Your "imagined" code example is indeed redundant even in the case where someone is trying to create a non-nullable DB field instead of using the attribute for its intended purpose, because integer properties, being value types, are always mapped to non-nullable fields, with or without [Required]. One must use "int?" to get a nullable DB field; [Required] has no effect on "int" at all. (Indeed, the MVC framework, e.g., treats [Required] and value types exactly the same.)

Now, let's consider the actual purpose of required, per the documentation, and see if it's redundant. Consider a view model with two "required" strings. The business requirement is that if either one or both of them do not contain a non-empty string, the web page should highlight the editors in red and display an appropriate message to the user. One could write a parameterized constructor and throw if they're not present, per your example, but you only get one chance to throw an exception, so you would have to handle three separate cases: The first field missing, the second field missing, or both fields missing. Better to use a validation framework which handles all of these cases for you -- which is exactly what [Required] is intended for.

I would argue that such a parameterized constructor with one or more throws is the wrong design in this scenario, because view models must be able to cope with the task of re-displaying invalid data entered by the user so that the user can correct her mistakes. In contrast to a business object, it must be able to hold and report on invalid states.
2011-05-27 15:19 UTC
Ben, if all you have "is a piece of data that you want to display on a web page" you're most likely in the CRUD application scenario. There are cases where this is indeed the correct solution to a business problem. It's perfectly fine, but it has nothing to do with object-orientation.

This whole series of posts about Poka-yoke Design are about encapsulation, which is an object-oriented principle. And yes: when it comes to OOD I'd never use EF (or any other ORM) if it requires me to break encapsulation.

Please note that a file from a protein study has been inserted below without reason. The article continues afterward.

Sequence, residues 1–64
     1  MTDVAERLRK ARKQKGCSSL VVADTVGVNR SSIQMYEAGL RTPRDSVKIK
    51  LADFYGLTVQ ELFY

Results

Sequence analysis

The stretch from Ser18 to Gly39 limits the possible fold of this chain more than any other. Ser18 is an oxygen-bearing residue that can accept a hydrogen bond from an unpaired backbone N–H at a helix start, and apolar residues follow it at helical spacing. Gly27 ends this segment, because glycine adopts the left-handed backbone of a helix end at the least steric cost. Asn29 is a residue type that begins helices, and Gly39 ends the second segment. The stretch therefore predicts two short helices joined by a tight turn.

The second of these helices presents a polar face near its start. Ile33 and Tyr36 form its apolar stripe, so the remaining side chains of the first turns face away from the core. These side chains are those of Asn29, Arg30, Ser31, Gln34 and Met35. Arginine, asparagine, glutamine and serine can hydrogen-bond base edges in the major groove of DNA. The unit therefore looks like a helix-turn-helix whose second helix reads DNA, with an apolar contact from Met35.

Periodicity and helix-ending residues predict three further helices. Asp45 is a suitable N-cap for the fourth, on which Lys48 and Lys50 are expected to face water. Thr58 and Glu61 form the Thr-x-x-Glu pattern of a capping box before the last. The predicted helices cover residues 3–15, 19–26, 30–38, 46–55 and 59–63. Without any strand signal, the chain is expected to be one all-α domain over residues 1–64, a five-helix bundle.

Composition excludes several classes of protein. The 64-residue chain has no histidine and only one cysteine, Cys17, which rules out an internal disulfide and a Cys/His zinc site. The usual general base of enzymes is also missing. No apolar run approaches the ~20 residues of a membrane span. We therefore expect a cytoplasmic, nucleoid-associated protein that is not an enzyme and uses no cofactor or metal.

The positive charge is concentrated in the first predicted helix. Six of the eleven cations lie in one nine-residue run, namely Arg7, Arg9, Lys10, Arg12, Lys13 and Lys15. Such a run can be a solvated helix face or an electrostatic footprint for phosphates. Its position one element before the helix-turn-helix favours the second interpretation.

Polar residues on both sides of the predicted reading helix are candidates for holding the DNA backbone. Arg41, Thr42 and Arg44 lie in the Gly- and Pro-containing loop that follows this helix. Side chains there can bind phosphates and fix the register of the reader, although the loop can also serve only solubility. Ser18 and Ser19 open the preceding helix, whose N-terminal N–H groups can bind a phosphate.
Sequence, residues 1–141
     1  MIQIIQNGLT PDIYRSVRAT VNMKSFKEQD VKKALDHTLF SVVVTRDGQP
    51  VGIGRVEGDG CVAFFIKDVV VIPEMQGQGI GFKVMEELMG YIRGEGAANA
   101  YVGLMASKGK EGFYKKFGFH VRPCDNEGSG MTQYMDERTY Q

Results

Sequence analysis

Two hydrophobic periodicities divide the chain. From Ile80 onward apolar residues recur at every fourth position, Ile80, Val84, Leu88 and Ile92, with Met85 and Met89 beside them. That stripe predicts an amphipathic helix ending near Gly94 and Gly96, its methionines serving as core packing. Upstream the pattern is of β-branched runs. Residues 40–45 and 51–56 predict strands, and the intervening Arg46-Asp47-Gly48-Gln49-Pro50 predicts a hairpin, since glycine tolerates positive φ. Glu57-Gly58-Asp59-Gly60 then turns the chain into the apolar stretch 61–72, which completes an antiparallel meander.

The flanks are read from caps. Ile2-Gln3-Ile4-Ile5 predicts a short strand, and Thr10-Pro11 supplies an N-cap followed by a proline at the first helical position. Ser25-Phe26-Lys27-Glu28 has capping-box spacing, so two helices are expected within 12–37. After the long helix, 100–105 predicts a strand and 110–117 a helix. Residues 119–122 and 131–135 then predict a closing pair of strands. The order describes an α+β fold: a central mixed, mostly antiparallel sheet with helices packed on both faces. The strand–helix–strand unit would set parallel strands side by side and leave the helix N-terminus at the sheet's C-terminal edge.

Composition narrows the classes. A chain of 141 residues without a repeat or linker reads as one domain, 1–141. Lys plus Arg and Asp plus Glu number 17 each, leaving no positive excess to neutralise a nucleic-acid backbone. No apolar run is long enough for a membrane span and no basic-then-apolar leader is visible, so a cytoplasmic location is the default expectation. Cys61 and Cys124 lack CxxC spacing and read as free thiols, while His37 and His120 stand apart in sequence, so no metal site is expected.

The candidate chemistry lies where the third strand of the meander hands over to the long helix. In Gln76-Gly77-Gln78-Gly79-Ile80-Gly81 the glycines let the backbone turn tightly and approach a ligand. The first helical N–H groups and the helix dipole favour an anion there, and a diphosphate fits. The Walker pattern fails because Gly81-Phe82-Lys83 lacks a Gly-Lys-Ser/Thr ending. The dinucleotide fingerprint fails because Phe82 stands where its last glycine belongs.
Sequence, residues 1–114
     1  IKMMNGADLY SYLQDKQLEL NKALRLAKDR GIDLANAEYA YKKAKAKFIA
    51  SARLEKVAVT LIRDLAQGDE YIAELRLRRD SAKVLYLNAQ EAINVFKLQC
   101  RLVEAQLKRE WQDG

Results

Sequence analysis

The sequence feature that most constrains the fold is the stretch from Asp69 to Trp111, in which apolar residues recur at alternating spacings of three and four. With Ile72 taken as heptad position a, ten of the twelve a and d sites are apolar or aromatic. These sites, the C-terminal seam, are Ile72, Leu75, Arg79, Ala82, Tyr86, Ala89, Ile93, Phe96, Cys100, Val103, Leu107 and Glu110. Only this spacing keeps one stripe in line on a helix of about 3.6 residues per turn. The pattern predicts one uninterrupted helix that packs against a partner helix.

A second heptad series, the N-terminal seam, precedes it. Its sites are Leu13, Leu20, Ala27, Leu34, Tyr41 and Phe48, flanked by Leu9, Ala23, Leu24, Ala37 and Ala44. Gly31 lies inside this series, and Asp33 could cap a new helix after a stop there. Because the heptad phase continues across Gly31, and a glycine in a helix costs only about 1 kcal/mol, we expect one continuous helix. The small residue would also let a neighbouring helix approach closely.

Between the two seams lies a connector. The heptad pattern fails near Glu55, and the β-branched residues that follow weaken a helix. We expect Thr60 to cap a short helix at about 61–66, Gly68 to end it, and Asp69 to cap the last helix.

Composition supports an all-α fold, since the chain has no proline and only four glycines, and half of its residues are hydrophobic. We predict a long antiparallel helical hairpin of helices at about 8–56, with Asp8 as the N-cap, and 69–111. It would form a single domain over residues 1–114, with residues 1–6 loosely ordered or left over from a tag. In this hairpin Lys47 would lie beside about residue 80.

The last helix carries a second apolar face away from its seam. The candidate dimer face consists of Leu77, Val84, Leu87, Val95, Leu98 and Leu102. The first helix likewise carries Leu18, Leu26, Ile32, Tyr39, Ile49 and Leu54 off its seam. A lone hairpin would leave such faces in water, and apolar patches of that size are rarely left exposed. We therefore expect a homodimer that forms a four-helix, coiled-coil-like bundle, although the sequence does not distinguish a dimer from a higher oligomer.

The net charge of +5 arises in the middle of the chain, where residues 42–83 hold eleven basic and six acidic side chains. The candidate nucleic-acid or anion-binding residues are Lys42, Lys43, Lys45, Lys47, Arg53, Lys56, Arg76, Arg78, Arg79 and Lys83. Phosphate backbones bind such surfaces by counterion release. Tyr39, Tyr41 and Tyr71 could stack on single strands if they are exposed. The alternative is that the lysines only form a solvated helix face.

2011-05-28 21:29 UTC
Craig, I agree that when it comes to user input validation, using an attribute on one or more properties with very loose invariants is the best solution. In general, when at the boundary of an application, it's always best to assume that input can be invalid in all sorts of ways. This is true for UI input as well as automated input (XML, CSV, JSON, etc.). Thus, any 'object' modeling an application boundary data structure is essentially not encapsulated.

However, it would be a grave mistake if we let UI concerns drive the design of our domain models. Thus, as soon as we know that we have a case of valid input data on our hands, we must translate it to a proper encapsulated object. From that point on (including db schema design) an attribute would certainly be redundant.

BTW, don't read to much into the tweet. Perhaps I chose the wrong example, and it was never my intention to thunder particularly at EF. So far, all I've heard about NHibernate indicates to me that it has similar issues with regards to encapsulation.
2011-05-28 21:42 UTC
I like what you said in above: "Thus, any 'object' modeling an application boundary data structure is essentially not encapsulated." That's an insight that many people miss.

My personal take on this is that data service interfaces are boundary structures themselves, and should be BOs in the same way that view models shouldn't be BOs, either.
2011-05-31 14:56 UTC
When you say 'BO', do you mean 'Boundary Object' or 'Business Object'? It seems to me that you might use both abbreviations in the same sentence... or I'm totally missing something :)
2011-05-31 18:19 UTC
Sorry, I meant business object, and "should" should have been "shouldn't." Not the clearest sentence I ever wrote!
2011-05-31 20:39 UTC
Gotcha! Agreed :)
2011-05-31 20:40 UTC

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Friday, 27 May 2011 13:21:06 UTC


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Published: Friday, 27 May 2011 13:21:06 UTC